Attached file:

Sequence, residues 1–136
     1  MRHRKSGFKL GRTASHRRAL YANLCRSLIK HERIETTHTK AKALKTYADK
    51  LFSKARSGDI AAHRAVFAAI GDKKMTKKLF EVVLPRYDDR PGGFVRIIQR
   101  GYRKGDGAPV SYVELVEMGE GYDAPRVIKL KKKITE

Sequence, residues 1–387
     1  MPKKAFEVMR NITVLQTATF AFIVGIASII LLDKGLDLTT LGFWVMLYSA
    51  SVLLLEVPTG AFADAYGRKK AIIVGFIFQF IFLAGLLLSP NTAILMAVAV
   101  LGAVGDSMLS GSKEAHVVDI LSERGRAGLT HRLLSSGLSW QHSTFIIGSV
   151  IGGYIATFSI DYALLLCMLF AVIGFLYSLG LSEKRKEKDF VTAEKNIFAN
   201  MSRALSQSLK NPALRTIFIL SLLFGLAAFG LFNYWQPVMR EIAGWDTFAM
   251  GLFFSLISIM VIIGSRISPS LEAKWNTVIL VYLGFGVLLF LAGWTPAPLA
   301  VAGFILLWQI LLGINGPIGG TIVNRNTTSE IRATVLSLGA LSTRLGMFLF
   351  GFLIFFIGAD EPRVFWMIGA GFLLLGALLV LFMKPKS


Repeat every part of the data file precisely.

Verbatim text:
Sequence, residues 1–136
     1  MRHRKSGFKL GRTASHRRAL YANLCRSLIK HERIETTHTK AKALKTYADK
    51  LFSKARSGDI AAHRAVFAAI GDKKMTKKLF EVVLPRYDDR PGGFVRIIQR
   101  GYRKGDGAPV SYVELVEMGE GYDAPRVIKL KKKITE

Sequence, residues 1–387
     1  MPKKAFEVMR NITVLQTATF AFIVGIASII LLDKGLDLTT LGFWVMLYSA
    51  SVLLLEVPTG AFADAYGRKK AIIVGFIFQF IFLAGLLLSP NTAILMAVAV
   101  LGAVGDSMLS GSKEAHVVDI LSERGRAGLT HRLLSSGLSW QHSTFIIGSV
   151  IGGYIATFSI DYALLLCMLF AVIGFLYSLG LSEKRKEKDF VTAEKNIFAN
   201  MSRALSQSLK NPALRTIFIL SLLFGLAAFG LFNYWQPVMR EIAGWDTFAM
   251  GLFFSLISIM VIIGSRISPS LEAKWNTVIL VYLGFGVLLF LAGWTPAPLA
   301  VAGFILLWQI LLGINGPIGG TIVNRNTTSE IRATVLSLGA LSTRLGMFLF
   351  GFLIFFIGAD EPRVFWMIGA GFLLLGALLV LFMKPKS